In Deuteronomy 19:15, the number 2 is associated with witness as in the requirement of two witnesses in legal matters.
Two is also associated with blessing since in creation itself, God poured out a bounty of blessings into the earth. As well, creation brought about the possibility of relationship because God created man to be in relationship with Him and with each other.
We can see the possibility of union that two brings in the covenant of marriage, where two become one flesh. (Genesis 2:24)
The idea of division is also associated with two since on Day Two (Yom Sheni [Monday]) God divided the waters to form the Heavens above and the oceans below.
Indeed, two represents the possibility of separation due to conflict and sin.
The duality of union and division belonging to the number 2 is perhaps best reflected in the fact that although humankind was created to be in relationship with God, people can either be united with God through holiness or separated from Him through sin.
Of course, sin separates all of us from God, and Yeshua makes it possible to be reconciled with our Heavenly Father. (Ephesians 2:16)
Moreover, He makes it possible for Believers everywhere to be in union with Him.
“I have given them the glory that You gave Me, that they may be one as We are one—I in them and You in me—so that they may be brought to complete unity.” (John 17:22–23)
Shlosha (שְׁלוֹשָׁה or ג / Three)
“Though one may be overpowered, two can defend themselves. A cord of three strands is not quickly broken.” (Ecclesiastes 4:12)
Three connotes equilibrium or stability, continuity and permanence. It is considered the number of Divine completeness or perfection.
This number shows up frequently in Scripture and in Jewish life.
In Exodus 34:6, God is ascribed the three attributes of channun (gracious), rachum (compassionate / merciful), and chesed (loving kindness).
The Seraphim (six-winged angelic beings) praise God with a triple invocation that emphasizes God’s perfect holiness, crying “Holy, Holy, Holy.” (Isaiah 6:3; Revelation 4:8)
In the Priestly Blessing (Numbers 6:24–26), God’s covenant name (YHVH) appears three times—an indication perhaps of its completeness and perfection. God is also mentioned three times in the Shema (Deuteronomy 6:4–9).
The earth was separated from the waters on the Third Day (Yom Shelishi [Tuesday]). (Genesis 1:9–13)
As a mark of stability or a perfect foundation, Israel has three founding fathers (Avos): The Patriarchs Abraham, Isaac, and Jacob.
The Bible specifies three Pilgrimage Festivals (Shelosh Regalim), the three times the Jewish People are obligated to go to Jerusalem bringing at least three offerings: Pesach (Passover), Shavuot (Pentecost or the Feast of Weeks), and Sukkot (Feast of Tabernacles).
These three holidays, which commemorate the Exodus from Egypt, the giving of the Torah, as well as the wilderness booths and the Cloud of Glory, are more than history lessons; they bring spiritual illumination about the identity of the Messiah.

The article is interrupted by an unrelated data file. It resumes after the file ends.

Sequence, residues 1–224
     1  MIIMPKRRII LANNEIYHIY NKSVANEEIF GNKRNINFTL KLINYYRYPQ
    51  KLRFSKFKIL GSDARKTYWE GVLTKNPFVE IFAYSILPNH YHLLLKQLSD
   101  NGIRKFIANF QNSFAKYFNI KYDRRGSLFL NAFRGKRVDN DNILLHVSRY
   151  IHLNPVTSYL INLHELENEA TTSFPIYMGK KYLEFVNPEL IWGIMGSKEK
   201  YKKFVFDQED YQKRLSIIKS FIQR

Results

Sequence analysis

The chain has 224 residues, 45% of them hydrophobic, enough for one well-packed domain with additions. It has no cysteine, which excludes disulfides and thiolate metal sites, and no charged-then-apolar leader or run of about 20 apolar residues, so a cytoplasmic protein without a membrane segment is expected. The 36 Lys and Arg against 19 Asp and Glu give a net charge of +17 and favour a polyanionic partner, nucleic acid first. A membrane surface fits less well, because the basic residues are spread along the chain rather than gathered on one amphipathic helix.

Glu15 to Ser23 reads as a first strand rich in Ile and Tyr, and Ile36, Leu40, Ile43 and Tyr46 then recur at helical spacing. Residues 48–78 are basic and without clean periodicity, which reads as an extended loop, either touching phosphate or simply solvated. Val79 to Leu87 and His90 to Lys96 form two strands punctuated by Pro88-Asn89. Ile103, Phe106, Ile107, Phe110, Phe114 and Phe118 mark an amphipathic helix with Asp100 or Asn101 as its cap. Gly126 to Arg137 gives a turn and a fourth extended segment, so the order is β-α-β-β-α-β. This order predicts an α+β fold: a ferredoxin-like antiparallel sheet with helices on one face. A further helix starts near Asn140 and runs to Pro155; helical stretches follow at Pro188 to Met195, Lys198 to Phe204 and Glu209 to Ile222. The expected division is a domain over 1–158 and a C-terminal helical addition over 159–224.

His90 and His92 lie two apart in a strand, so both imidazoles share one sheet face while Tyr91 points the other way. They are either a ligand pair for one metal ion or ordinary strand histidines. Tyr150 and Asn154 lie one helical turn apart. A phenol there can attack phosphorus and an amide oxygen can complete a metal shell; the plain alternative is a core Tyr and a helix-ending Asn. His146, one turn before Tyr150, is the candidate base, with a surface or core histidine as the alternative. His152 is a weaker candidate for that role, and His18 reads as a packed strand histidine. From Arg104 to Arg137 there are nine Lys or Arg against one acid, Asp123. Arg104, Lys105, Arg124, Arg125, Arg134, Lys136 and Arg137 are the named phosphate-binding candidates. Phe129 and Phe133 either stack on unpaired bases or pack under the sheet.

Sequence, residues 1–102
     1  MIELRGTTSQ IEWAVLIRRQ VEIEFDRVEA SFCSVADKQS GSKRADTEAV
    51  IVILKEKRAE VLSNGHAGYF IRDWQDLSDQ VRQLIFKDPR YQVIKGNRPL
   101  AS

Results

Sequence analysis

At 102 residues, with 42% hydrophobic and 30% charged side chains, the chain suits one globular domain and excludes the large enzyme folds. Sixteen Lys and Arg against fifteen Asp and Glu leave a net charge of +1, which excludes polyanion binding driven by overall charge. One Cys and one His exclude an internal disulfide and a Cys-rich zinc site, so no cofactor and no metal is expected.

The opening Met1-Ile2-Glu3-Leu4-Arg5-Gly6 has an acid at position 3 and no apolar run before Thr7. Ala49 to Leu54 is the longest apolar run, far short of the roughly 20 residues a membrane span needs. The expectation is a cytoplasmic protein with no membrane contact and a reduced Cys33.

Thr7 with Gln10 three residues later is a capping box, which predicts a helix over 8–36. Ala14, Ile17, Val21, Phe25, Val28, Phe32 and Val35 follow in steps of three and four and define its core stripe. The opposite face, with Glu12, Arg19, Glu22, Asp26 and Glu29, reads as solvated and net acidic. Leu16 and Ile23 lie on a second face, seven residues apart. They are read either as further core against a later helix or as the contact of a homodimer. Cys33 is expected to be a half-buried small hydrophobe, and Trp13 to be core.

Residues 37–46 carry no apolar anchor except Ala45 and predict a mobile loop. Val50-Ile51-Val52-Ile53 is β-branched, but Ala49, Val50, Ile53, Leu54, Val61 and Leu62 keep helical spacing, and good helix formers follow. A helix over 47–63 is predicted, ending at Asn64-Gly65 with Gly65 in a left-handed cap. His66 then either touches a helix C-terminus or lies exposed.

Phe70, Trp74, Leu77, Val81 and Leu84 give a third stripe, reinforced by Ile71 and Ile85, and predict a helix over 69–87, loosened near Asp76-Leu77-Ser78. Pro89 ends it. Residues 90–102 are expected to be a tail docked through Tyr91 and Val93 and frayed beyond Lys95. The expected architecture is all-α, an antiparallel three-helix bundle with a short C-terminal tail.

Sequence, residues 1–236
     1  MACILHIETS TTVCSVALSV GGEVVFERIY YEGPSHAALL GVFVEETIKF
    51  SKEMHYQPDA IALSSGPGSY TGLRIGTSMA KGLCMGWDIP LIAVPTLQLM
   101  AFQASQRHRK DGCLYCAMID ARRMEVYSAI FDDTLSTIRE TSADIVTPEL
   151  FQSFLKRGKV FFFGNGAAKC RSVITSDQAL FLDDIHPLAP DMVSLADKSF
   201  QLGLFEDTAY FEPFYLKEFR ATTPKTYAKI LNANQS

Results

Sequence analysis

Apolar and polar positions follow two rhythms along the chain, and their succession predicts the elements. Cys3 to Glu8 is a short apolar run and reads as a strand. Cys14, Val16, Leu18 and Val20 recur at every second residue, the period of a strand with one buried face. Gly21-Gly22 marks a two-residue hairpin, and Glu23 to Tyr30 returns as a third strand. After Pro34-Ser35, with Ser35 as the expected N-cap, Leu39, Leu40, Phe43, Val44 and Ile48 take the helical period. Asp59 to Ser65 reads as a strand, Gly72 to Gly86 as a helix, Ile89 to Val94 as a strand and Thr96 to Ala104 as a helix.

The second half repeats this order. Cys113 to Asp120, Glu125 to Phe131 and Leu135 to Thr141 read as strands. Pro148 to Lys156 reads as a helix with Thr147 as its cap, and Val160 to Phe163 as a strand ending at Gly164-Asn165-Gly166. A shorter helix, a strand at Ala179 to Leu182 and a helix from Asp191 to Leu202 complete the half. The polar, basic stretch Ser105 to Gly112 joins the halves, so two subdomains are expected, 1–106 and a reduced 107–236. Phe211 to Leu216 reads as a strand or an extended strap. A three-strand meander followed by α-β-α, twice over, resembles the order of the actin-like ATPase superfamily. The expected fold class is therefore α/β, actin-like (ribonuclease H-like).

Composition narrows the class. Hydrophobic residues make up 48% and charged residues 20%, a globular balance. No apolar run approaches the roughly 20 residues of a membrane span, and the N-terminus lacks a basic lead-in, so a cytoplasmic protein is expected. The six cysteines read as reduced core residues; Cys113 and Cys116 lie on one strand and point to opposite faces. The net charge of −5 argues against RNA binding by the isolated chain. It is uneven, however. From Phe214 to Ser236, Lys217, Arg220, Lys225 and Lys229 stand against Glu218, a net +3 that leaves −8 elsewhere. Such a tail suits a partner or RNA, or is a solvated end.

As well, these three festivals are said to relate to the perfect foundation of the Avos: Abraham to Pesach through the baking of cakes for his guests; Isaac to Pentecost through Sinai’s shofar and Isaac’s ram in the thicket; and Jacob to Sukkot through booths made for his flocks (Genesis 33:17).
Three is also linked to salvation.
Abraham journeyed three days to Mount Moriah in obedience to God’s command that he sacrifice his promised son (Genesis 22:1–4). To raise the son of the widow of Zarephat (1 Kings 17:21), Elijah stretched himself out three times over the body. Jonah spent three days and nights in the belly of a whale (Jonah 1:17).
Esther fasted three days and three nights in preparation to save the Jewish People from certain annihilation.
And Yeshua (Jesus) was raised from the dead on the third day.
Arba’a (אַרְבָּעָה or ד / Four)
“After this I saw four angels standing at the four corners of the earth, holding back the four winds of the earth to prevent any wind from blowing on the land or on the sea or on any tree.” (Revelation 7:1)
The number 4 is connected to the number 2 through its basic mathematical properties: 2+2=4 and 2×2=4. The number 4, therefore, is related to creation, the physical realm, the earth, and the four seasons.
In the Bible, we see a connection between four and the earth through the fourth commandment, which is the first commandment that mentions the earth. As well, the fourth clause of the Lord’s Prayer is the first to mention the earth.
This number relates to the ideas of place and space, in terms of the physical, as is evident in Daniel 7:3, which speaks of four earthly kingdoms, and Isaiah 11:12, which promises that God will gather the dispersed of Israel from the four corners of the earth.